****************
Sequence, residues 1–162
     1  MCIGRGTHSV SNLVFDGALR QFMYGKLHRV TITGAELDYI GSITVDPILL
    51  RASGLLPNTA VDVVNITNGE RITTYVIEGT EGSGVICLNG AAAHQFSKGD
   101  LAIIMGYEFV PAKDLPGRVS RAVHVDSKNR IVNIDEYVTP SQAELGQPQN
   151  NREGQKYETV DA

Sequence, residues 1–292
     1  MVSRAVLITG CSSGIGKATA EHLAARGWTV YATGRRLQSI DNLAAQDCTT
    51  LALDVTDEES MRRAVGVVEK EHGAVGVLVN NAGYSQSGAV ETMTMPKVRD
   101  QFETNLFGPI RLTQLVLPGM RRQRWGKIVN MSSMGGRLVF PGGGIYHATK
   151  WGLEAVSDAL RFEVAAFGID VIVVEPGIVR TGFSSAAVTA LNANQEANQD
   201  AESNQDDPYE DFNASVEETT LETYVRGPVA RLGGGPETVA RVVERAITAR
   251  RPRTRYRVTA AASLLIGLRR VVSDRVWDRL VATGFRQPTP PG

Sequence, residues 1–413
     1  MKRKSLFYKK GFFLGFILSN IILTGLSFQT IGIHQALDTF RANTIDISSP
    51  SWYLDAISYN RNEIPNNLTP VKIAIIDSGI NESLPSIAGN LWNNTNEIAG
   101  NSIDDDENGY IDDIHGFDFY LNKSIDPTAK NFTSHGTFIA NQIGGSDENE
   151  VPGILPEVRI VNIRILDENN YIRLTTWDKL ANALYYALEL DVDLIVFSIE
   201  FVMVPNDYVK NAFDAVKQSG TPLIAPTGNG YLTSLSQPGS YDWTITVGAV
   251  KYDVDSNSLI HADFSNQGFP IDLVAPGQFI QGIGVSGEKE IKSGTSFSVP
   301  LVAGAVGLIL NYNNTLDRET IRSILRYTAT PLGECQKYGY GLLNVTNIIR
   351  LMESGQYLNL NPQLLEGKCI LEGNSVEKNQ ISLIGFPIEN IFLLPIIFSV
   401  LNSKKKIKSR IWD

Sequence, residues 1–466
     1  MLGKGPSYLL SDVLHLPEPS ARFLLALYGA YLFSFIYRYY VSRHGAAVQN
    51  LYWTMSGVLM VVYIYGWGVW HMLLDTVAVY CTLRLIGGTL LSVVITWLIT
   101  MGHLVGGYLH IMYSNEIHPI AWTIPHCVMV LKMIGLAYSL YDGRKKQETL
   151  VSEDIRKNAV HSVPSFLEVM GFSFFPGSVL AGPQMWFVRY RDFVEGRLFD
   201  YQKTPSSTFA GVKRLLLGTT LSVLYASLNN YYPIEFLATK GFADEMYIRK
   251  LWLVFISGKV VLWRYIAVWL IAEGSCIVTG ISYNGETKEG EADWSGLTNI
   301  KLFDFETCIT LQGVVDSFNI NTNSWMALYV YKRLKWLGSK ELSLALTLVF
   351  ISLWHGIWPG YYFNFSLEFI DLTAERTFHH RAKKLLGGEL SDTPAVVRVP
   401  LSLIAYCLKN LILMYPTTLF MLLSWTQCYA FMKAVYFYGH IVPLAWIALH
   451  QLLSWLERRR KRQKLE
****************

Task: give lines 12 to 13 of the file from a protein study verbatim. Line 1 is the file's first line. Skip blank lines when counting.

   251  RPRTRYRVTA AASLLIGLRR VVSDRVWDRL VATGFRQPTP PG

Sequence, residues 1–413